Grassy said:

Thanks!, thats explained a lot, leaves/creates a few questions

Excellent! If I somehow explained everything in one paragraph, there

would be no reason to go on living. ;-)

so how do you calculate capacitor size, is it possible to put too

large a capacitor as the decoupler.

The formula that relates current to the rate of change of capacitor

voltage is a lot like the one that relates inductor voltage to the

rate of change of current through it. I=C*(dv/dt)

I is in amperes, C in farads, and dv/dt in volts per second. This

tells you that you can pass an ampere through a 1 farad capacitor and

the voltage will change 1 volt per second. The trick is to apply this

to short and variable spikes of current and calculate how the voltage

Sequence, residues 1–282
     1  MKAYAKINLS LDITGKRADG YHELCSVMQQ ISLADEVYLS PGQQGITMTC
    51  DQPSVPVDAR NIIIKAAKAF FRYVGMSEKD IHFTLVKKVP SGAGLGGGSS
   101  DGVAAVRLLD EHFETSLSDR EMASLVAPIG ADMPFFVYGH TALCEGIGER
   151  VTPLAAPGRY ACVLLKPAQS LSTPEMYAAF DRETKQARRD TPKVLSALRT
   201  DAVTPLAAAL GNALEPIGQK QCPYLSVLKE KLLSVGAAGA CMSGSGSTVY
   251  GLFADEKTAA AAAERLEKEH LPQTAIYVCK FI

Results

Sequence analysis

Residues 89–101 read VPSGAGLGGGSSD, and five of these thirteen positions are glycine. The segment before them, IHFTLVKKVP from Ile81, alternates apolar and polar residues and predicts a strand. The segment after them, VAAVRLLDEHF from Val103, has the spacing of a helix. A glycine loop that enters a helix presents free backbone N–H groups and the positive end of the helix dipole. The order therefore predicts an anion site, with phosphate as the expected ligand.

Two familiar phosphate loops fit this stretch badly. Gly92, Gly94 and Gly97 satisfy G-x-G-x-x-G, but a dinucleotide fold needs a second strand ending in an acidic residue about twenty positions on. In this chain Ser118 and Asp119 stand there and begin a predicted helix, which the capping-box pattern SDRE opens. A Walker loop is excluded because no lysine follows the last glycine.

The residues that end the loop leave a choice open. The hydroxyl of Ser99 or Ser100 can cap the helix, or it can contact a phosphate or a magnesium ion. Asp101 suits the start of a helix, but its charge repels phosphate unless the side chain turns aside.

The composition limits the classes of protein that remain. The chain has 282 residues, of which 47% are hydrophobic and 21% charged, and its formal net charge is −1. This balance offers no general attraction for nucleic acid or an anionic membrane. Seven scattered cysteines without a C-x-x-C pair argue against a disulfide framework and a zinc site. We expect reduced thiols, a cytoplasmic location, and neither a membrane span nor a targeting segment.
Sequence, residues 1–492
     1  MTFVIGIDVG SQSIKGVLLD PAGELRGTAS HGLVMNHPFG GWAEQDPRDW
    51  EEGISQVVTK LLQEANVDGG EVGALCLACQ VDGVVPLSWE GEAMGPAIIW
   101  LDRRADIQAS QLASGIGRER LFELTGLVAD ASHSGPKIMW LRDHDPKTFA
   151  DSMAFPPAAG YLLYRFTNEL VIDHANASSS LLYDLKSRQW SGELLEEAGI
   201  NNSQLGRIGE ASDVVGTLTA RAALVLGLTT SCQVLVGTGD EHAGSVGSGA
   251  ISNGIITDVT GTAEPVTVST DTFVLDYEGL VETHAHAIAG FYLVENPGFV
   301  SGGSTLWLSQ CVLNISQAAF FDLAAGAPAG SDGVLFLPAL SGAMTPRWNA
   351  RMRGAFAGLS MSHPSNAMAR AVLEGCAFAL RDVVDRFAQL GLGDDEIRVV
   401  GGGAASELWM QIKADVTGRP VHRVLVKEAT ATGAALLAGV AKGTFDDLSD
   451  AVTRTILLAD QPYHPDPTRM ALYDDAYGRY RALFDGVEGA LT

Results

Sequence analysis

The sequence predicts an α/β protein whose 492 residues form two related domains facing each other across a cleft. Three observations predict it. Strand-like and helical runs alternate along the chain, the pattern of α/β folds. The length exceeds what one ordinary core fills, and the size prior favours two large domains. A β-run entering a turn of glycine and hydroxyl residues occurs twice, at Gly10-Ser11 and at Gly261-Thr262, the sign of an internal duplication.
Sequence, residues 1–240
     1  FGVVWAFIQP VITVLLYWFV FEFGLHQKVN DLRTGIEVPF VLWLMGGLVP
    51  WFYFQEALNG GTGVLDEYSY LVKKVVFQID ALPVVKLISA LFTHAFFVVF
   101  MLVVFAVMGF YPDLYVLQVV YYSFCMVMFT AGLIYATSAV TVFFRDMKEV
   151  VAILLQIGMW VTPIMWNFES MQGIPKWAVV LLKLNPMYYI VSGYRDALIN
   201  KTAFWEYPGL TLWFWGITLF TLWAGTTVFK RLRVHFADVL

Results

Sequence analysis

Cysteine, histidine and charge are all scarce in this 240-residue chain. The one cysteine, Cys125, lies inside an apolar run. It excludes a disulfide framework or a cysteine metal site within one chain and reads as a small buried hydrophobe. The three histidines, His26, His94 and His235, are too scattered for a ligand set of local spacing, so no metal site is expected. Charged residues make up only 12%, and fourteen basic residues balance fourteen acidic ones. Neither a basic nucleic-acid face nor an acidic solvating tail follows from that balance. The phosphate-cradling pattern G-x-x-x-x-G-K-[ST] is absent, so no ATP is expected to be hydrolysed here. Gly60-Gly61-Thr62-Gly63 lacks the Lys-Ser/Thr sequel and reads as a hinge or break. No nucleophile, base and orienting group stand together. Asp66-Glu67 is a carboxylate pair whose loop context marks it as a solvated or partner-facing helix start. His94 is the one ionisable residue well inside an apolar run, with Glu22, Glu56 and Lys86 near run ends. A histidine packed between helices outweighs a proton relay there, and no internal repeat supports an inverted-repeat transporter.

will change. Lots of people skip the calculus and find out the needed

capacitance by experiment (look at the supply voltage with a scope and

keep increasing the capacitance till the bounce gets small enough).

What size of capacitor do you need before you can feel a discharge?.

That is more dependent on the voltage stored across the capacitor,

than the size. As long as the voltage is less than about 50 volts,

dry skin will limit the current to less than a painful amount. Tough

your tongue across one, and the voltage has to be a lot lower to make

the experience not "shocking". The size of the capacitor just varies

how long the shock will go on, before the voltage has run down too low

to feel.

Building a Hulda Clarke "zapper" and that says .0047uF for decouple, If

you use a larger one, is that entire charge delivered for each pulse

Decoupling caps do not normally discharge during circuit operation.

They just sit there across the supply lines, holding a nearly constant

voltage. I would have to see a schematic to be sure what they are

describing is really a decoupling cap, and not some other circuit

function.

I guess I need to read more about capacitor charge times and discharge

rates.

They are very versatile components with lots of applications.